CRP Acres Open
OMAHA (DTN) -- The USDA will open conservation reserve program lands to emergency grazing in response to wildfires in parts of Kansas, Oklahoma and Texas in March, according to a news release Tuesday.
In recent weeks farm communities across the Midwest have come to the rescue for farmers and ranchers, sending many truckloads of hay and fencing materials, and providing helping hands to help recovery efforts.
According to USDA, the fires damaged an estimated 1.5 million acres, destroying cattle, property and grasslands. Seven people also died as a result of the fires.
Farmers in regions of southwest Kansas, as well as the panhandles of Oklahoma and Texas, face a long road to recovering pastures and rebuilding buildings and fences. Affected ranchers face the prospect of having to continue to feed animals as grasslands may take more than a year to recover.
On Tuesday, USDA Acting Deputy Secretary Michael Young issued a memorandum authorizing the emergency grazing.
"Ranchers are facing devastating conditions and economic calamity because of these wildfires and they need some relief, or else they face the total loss of their herds in many cases," Young said in a statement.
"These measures will allow them to salvage what remains of their cattle and return to the important business of feeding Americans and the rest of the world."
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USDA action is required in order to direct the Farm Service Agency to permit the grazing. USDA said emergency grazing will overlap the primary nesting season of the lesser prairie chicken. Last year the species was removed from the threatened and endangered species list.
The agency said the CRP has procedures in place to permit emergency grazing on protected lands during nesting season. Lesser prairie chicken nesting season runs in Texas from March 1 to June 1, in Kansas from April 15 to July 15, and in Oklahoma from May 1 to July 1.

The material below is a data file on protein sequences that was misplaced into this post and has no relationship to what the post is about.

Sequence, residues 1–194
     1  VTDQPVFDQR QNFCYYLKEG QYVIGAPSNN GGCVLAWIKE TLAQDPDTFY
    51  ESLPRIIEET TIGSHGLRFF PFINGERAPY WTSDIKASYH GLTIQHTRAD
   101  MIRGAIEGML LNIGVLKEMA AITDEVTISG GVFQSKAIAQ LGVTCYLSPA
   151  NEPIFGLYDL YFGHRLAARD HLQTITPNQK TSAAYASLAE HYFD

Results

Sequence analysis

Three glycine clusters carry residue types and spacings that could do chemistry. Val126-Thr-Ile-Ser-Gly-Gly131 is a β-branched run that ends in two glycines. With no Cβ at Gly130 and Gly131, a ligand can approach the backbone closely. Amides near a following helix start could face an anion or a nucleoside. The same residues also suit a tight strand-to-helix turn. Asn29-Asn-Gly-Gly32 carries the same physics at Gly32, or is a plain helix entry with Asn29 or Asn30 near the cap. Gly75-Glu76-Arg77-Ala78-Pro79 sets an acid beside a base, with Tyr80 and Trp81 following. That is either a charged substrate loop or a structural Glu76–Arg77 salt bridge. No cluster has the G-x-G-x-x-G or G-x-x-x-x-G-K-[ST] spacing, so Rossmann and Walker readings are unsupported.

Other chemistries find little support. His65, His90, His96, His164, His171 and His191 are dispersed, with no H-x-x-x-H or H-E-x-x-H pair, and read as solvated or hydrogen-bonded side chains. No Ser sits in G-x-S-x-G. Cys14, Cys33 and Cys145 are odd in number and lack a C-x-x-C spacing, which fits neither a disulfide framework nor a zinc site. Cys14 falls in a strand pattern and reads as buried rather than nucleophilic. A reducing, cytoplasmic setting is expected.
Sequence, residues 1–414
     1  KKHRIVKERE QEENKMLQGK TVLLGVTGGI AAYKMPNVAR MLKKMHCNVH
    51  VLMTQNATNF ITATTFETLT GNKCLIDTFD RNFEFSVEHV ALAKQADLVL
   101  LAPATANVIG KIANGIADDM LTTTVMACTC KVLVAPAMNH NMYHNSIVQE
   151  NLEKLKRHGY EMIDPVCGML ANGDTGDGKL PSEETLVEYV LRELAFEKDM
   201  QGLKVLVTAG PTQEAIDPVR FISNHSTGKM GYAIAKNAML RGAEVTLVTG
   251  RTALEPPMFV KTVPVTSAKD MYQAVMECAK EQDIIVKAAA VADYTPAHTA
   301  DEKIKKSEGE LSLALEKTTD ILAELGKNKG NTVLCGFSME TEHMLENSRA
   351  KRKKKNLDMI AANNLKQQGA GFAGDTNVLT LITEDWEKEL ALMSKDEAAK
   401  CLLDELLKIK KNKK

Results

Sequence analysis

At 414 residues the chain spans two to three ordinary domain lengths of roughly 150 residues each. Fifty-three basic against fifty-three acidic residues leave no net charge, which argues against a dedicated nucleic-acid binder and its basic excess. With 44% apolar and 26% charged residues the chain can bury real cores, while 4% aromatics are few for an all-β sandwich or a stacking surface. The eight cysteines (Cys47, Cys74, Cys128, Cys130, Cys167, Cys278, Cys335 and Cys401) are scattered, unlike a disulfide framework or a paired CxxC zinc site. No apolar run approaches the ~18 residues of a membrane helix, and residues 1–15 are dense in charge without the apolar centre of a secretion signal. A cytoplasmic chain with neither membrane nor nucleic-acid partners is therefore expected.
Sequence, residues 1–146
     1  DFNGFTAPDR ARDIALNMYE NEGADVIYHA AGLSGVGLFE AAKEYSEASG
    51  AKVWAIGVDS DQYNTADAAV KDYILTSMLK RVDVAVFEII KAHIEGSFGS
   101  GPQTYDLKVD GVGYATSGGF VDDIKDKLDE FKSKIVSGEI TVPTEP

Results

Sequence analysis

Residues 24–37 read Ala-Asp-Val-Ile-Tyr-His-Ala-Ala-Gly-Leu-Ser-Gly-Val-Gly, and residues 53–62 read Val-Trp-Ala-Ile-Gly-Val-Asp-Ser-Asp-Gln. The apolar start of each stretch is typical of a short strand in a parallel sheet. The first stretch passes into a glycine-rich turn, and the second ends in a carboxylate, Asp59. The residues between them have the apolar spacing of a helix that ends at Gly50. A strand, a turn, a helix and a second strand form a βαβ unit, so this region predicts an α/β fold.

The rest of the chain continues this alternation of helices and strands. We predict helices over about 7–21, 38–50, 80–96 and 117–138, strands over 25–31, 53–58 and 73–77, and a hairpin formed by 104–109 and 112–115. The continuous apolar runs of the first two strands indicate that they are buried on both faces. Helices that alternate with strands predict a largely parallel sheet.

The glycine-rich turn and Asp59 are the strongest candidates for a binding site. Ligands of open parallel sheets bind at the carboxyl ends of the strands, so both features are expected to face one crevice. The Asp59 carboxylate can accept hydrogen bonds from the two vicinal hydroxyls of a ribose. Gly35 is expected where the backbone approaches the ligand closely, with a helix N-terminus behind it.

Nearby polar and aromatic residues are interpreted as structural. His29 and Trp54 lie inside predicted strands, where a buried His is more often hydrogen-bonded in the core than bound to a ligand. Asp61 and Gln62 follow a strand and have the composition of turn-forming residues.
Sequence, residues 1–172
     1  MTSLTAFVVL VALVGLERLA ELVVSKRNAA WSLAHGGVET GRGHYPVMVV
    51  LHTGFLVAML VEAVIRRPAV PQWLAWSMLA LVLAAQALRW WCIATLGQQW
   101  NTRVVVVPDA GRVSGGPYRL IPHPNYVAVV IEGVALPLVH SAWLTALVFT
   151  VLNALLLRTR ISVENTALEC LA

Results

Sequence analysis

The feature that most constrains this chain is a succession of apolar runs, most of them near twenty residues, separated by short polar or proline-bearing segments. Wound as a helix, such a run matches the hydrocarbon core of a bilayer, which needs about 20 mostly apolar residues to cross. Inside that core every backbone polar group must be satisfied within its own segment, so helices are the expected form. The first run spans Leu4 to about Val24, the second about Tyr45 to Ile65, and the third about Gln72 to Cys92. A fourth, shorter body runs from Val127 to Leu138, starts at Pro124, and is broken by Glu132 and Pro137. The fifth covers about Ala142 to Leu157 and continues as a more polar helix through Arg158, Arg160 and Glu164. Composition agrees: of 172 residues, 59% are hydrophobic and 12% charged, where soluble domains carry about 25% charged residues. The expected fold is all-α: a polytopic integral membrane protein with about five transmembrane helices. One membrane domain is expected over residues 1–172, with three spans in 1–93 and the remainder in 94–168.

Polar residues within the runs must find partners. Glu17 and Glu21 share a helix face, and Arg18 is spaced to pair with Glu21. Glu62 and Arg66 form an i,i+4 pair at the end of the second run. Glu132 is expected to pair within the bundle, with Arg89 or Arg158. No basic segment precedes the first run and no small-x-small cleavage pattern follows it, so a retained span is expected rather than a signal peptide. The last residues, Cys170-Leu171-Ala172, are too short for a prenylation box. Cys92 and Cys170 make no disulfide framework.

The USDA provided a summary of the damages assessed to this point, noting that because of continued burning in some regions the damage has yet to be fully examined.
USDA said in Kansas, wildfires inflicted damage in Clark, Comanche, Ellis, Ellsworth, Ford, Hodgeman, Kiowa, Lane, Lincoln, Meade, Ness, Russell and Seward counties, with an estimated 630,000 acres burned, including primarily pasturelands.
To this point, livestock losses are estimated at between 3,000 and 9,000 head of cattle. Large volumes of hay and feed have been destroyed and damage to fencing in the state is estimated at more than $36 million.
In Oklahoma, the fires caused damage in Beaver, Ellis, Harper, Roger Mills, Woodward, and Woods counties, where nearly 390,000 acres burned. To this point an estimated 3,000 head of cattle have been lost.
USDA places estimated cost damages to structures at around $2 million, with fencing losses of more than $22 million.
In Texas, the wildfires caused damage in Armstrong, Carson, Collingsworth, Donley, Gray, Hansford, Hemphill, Hutchinson, Lipscomb, Moore, Ochiltree, Potter, Randall, Roberts, Sherman and Wheeler counties.
Fires have scorched an estimated 550,000 acres, affecting 346 farms and ranches. USDA estimates livestock loss of at least 3,000 cattle and 1,900 swine.
"Thousands of miles of fences expected to be a total loss, but so far unable to be surveyed," USDA said in a news release.
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Todd Neeley can be reached at firstname.lastname@example.org
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